A darkly comic children's fantasy by the ever popular author of the Clemency Pogue series (starting with Clemency Pogue: Fairy Killer). A great Halloween tale for the 9-14 year old.

Title: The Squampkin Patch A Nasselrogt Adventure
Author: JT Petty
Published: Simon & Schuster, 2006

This is the first (and thus far, only) Nasselrogt Adventure. It is rather silly, somewhat unsettling in parts, and well enough written, considering that it is written for children. It is not as silly as the Clemency Pogue books, but may be on par (sillynesswise) with A Series of Unfortunate Events. And yes, it is yet another story of orphans on the run, except that this time the parents are still alive.

The Nasselrogt (pronounced 'Nasal Rod') children, Chloe and Milton, lose their parents in the department store one day, and are sent off to the orphanage. (The parents are discovered, several days later, trapped inside two of the demo tanning beds in the Home Spa department. It's that sort of book). The orphanage is in fact a zipper factory staffed entirely by brainwashed children. The food is awful. The company is awful. The zippers are awful. The kids escape from the orphanage -- only moments before their parents arrive to bring them home. Tragic.

After a short flight (bus ride, actually), the children discover an abandoned house, once the home to a grouchy confectioner, now mysteriously abandoned. He has left behind a gigantic stash of candy, a large wad of cash, and a breeding colony of mysterious vegetable-like creatures called squampkins. The kids must fend for themselves, stay hidden from the headmaster of the orphanage, solve the mystery of the squampkins, and deal with the eccentric neighbors. It's not quite as interesting as it sounds, but nearly so.

Well, I won't tell you more specifics, as spoilers suck. I will say that the ending is rather disturbing. Even taking into account that this is a Halloween tale, and that Petty has no objection to killing off random characters, the last page and a half are... disturbing. You have been warned.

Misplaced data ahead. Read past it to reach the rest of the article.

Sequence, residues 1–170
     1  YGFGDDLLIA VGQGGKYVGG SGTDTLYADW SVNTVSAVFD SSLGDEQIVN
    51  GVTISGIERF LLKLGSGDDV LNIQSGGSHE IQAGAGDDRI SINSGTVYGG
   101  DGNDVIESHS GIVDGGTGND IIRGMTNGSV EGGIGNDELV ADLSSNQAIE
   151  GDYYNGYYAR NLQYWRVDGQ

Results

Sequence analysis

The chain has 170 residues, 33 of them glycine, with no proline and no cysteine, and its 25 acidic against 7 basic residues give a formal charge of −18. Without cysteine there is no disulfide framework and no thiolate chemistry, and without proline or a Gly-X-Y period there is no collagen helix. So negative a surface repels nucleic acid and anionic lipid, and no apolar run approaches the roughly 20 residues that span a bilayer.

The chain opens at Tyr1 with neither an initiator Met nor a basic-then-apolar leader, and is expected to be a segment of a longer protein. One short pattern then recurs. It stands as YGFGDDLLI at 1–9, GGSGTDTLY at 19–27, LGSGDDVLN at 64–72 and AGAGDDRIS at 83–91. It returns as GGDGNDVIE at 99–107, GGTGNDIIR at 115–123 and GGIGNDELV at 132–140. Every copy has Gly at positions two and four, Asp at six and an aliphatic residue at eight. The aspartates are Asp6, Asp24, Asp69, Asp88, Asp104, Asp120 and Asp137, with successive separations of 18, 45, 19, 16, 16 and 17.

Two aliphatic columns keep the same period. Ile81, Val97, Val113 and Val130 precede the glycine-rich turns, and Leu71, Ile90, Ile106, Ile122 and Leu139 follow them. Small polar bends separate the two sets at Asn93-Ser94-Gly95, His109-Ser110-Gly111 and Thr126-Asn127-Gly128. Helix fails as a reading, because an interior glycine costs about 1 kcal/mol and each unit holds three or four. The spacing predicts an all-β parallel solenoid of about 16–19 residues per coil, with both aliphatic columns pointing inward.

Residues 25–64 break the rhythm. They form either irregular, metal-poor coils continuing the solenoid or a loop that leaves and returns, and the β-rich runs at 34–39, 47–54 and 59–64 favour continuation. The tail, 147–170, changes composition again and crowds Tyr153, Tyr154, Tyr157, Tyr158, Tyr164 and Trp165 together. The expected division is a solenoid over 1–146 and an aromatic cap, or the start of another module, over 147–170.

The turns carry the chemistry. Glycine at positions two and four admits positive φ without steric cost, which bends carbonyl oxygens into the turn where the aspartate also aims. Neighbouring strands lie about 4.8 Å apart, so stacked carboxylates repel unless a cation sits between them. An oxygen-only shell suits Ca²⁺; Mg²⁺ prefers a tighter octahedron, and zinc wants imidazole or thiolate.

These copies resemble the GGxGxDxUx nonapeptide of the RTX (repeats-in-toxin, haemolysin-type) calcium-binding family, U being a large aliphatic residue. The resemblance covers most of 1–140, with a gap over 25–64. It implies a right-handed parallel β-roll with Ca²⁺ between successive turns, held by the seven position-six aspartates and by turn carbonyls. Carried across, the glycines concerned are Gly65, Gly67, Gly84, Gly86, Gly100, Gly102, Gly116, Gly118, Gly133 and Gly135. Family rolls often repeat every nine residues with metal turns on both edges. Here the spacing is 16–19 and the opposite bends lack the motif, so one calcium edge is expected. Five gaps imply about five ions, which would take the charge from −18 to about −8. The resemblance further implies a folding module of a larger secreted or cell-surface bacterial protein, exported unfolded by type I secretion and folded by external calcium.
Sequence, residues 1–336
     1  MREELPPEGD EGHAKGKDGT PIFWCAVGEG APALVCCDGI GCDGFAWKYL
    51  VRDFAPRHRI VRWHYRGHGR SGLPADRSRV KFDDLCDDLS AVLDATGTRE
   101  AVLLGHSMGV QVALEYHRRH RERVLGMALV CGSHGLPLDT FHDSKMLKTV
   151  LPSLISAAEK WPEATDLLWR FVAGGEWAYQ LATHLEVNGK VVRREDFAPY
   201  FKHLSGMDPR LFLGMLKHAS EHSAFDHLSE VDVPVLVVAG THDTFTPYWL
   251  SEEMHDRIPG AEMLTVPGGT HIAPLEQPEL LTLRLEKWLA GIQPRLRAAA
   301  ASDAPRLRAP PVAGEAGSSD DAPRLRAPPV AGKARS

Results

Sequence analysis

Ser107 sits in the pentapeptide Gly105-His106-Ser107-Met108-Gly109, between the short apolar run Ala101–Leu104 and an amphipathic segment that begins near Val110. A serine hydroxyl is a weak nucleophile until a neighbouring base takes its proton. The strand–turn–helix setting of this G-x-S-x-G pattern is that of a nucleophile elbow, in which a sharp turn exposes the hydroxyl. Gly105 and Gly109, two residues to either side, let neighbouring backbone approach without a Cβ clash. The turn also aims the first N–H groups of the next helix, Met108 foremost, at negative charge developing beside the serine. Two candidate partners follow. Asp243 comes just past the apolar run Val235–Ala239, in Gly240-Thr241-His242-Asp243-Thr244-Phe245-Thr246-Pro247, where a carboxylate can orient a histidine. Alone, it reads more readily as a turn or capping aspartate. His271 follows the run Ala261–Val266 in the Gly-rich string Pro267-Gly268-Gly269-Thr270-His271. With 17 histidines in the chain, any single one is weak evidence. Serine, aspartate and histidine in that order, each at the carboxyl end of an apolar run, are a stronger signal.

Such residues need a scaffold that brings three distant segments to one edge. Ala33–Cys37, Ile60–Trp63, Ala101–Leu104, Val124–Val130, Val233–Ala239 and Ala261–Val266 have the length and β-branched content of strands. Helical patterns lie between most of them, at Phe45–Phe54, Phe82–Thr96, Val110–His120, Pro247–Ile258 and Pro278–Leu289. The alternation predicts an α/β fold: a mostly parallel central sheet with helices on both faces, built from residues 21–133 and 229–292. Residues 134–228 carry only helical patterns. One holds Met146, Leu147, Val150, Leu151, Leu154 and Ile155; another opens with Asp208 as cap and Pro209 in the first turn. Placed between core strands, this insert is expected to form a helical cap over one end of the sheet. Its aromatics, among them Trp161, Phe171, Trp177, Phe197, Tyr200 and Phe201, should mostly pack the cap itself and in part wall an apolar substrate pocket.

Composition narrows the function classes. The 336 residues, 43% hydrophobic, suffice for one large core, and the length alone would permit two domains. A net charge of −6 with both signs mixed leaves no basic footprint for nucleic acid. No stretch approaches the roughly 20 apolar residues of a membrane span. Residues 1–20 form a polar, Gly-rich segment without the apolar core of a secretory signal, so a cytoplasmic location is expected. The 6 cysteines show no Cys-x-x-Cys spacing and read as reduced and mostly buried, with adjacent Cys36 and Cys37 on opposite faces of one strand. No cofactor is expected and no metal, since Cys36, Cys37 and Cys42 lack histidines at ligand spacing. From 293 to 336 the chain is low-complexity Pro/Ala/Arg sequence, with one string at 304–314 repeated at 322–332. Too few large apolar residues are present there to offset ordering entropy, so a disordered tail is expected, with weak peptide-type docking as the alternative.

So; how does this compare to other comic juvenile fantasy? Well, it's not bad, but it's not the best. The level of silliness is not consistent. Yes, that is important. Having an unexpectedly silly event suddenly appear can be just as bad as any deus ex machina, even in a wholly silly book. It's one thing to be sent to a zipper factory full of zombies, and quite another to escape that factory by sticking a zipper to the wall and unzipping an opening. It's also a little dark for my taste, having more gruesome deaths than your average children's book, especially those of the comic fantasy genre. (But let us not forget, it is Halloween).

On the plus side, Petty likes playing with the language, and he's not bad at it. I particularly like his inventive metaphors, something I do not usually appreciate. If you like wordplay and sillyness, I would suggest starting with the Clemency Pogue books, which have more of both. (Although they are also much shorter books, and may suffer a bit because of that).

The Squampkin Patch is never going to be a classic, but it is a good book. It's not anywhere in the top 300 juvenile comic fantasy booklist (kids like funny magical stories; it's a really big genre). If you are interested in this sort of book, start with Lemony Snicket, Roald Dahl, J.K. Rowling, Debi Gliori, or any of a hundred other authors writing about orphans, dark magic, sudden, odd forms of death, and the darker side of silly. But if you've read all those, you should try Squampkins!

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